FFRacer – Review

FFRacer: from Bergen to Oslo

developed by Jordi Colomer Matutano

Let me start by saying that FFRacer is one of the more cleverly designed games I’ve come across in a long time.  It’s part high velocity racing game, part FMV (Full Motion Video) game, and a pinch of train driving simulator game.  It’s a weird mash of characteristics and style for a video game.  On paper, something like this shouldn’t work, in fact, it most likely wouldn’t work.  However, the developer of FFRacer has found a way to actually make it work.  Not only is it functional, but it’s also pretty fun, even to watch someone play.  I know this because my kids love playing and watching me play as well.  The experience isn’t perfect, it may even be a little awkward at first, but the gameplay is exhilarating and the scenery and background of the Norwegian landscape in this FMV game is beautiful.

I’ve been a fan of FMV games ever since they came out.  That’s a tough thing to admit, given that for the most part, FMV games usually suck.  It was a genre that was doomed to fail from the get go.  There were a handful of somewhat popular titles.  Games such as Night Trap, Sewer Shark, Mad Dog McCree, or the god-awful Johnny Mnemonic.  The history of FMV games is a short lived and slightly sad one.  Some gamers might tell you that successful FMV games did in fact exist.  Those gamers might even try to convince you that games like Wing Commander III and IV, Under A Killing Moon, The Pandora Directive, and Phantasmagoria are great examples of FMV games.  The fact is, none of the latter games mentioned were FMV games.  Yes, they did feature FMV in the game, but the gameplay itself was not comprised entirely of Full Motion Video.  The cutscenes and interludes were FMV, but the gameplay itself was not.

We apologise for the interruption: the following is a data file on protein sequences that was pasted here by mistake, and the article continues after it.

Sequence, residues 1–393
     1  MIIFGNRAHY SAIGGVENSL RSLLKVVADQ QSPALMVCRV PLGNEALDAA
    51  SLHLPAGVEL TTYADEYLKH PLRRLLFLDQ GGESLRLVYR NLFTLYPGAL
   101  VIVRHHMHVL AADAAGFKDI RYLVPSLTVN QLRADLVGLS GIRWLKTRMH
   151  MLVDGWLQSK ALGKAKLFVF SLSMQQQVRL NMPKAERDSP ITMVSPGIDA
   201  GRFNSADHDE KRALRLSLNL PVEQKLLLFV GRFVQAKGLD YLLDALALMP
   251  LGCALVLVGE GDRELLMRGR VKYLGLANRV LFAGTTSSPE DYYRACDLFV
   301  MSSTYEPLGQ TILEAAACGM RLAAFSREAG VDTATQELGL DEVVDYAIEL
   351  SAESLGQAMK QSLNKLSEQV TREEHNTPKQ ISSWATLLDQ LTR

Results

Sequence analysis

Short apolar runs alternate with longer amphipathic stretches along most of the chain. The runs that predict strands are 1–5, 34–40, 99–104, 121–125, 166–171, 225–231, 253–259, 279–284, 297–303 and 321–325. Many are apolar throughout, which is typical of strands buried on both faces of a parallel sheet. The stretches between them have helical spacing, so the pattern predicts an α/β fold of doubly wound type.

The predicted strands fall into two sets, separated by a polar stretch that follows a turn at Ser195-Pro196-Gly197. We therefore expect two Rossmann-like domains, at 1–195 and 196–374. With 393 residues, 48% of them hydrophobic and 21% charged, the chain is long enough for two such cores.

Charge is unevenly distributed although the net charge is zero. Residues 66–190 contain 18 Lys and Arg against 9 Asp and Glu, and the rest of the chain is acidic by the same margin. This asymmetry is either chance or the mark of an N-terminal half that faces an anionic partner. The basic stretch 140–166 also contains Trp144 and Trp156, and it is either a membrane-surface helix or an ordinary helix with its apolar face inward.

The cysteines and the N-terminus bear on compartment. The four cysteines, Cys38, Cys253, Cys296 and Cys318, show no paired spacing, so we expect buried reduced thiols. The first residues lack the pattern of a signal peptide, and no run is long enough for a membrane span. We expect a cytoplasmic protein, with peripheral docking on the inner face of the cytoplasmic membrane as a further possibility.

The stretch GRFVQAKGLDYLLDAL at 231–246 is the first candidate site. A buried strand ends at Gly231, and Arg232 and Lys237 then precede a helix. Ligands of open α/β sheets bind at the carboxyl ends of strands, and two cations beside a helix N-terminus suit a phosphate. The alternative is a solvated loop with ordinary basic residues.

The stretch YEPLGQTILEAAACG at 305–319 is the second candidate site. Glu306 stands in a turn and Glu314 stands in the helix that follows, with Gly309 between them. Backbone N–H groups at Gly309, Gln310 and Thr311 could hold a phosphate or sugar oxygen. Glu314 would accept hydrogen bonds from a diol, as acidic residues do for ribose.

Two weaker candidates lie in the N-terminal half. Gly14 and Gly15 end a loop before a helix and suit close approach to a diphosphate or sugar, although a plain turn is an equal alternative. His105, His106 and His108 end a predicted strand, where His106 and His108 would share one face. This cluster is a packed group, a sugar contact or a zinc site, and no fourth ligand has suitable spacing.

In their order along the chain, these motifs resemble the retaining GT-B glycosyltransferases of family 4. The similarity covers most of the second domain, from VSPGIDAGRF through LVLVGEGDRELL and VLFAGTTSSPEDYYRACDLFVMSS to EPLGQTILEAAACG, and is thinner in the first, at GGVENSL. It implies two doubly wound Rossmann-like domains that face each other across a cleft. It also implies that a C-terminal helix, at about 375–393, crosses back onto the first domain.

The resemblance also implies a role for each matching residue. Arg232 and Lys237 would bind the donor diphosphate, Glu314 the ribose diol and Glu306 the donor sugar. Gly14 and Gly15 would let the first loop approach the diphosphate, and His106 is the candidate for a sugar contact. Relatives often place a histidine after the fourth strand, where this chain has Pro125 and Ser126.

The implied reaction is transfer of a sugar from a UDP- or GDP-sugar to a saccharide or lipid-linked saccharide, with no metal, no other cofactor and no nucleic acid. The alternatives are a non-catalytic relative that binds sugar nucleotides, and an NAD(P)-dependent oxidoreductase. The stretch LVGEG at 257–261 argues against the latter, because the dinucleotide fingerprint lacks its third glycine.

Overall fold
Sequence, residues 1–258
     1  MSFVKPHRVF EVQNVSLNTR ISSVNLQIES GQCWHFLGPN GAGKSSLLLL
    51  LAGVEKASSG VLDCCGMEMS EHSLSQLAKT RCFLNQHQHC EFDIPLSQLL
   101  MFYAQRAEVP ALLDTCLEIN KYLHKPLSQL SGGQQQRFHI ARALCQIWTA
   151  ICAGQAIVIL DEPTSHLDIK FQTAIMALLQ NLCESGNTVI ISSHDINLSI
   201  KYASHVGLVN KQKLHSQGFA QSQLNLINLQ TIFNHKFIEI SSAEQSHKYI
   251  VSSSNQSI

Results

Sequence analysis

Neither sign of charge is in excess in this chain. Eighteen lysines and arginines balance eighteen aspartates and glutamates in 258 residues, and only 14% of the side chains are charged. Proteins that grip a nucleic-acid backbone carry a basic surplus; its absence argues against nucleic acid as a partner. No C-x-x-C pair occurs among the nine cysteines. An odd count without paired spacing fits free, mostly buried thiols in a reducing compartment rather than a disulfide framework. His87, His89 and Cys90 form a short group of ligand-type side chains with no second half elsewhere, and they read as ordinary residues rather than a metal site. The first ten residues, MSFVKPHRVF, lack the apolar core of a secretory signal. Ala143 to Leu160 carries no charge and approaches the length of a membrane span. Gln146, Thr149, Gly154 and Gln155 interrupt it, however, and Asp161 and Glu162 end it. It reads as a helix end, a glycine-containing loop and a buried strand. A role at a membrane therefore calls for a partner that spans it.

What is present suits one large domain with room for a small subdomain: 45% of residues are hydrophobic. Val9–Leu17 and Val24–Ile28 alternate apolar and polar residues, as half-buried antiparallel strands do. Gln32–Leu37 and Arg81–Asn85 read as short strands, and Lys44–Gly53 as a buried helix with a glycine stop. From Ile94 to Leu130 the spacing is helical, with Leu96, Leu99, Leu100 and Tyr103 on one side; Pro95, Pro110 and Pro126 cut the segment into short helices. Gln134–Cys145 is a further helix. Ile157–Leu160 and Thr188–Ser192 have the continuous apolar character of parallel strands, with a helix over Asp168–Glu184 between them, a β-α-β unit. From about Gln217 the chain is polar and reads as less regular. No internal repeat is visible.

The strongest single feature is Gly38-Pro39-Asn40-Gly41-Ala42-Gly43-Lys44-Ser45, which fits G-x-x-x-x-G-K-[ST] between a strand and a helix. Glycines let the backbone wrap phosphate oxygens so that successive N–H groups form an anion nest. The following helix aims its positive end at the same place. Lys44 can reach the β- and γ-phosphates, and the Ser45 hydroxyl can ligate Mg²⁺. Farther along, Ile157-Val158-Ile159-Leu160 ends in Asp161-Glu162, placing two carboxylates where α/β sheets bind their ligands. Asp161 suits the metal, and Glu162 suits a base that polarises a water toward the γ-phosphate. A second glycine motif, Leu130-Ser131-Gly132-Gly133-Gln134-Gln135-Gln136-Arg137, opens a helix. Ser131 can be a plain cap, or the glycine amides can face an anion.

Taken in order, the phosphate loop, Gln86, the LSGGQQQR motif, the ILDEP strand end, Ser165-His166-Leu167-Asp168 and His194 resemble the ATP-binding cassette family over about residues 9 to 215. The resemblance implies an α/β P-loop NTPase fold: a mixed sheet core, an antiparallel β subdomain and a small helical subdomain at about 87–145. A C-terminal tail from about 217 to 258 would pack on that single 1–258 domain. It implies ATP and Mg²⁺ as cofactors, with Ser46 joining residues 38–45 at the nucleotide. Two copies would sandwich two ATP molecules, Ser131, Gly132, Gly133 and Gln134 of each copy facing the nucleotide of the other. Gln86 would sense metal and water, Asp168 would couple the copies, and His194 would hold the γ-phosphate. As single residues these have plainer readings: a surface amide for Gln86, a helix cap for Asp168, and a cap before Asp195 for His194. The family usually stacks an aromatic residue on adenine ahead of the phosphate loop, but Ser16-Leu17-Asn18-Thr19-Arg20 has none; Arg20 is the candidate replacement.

FFRacer probably includes the most ingenious use of FMV in a video game to date.  The gameplay is straight forward and intuitive for the most part and the objective is simple.  Take your train from point A to point B in the fastest amount of time possible while carefully steering the train through curves, bends, and turns.   FFRacer is comprised of 17 sections or tracks that make up one full length train ride – in fast forward video.  You don’t have complete control over the train.  In fact, you can’t really control the train at all.  You simply need to ‘guide’ the train along the set track while it’s moving at speeds of over 100 – 300 Kilometers per hour.  For the most part, the game is on rails, but the illusion and sensation of speed is convincing and entertaining.

The controls are pretty basic.  Use the Arrow keys to gently ‘steer’ the train through every bend and turn without letting the train crash or hit the rails.  There are no real crashes or derailments, instead the train loses speed and momentum every time it hits the side of the rails or crashes because the player hasn’t coasted with each turn in the track.  It’s kind of hard to explain, and the best way to understand it is to actually play it and feel it for yourself.  Besides just turning and bending with each curve using the left and right arrow keys, players must increase the speed of the train by holding the up arrow or slow down the train using the down arrow.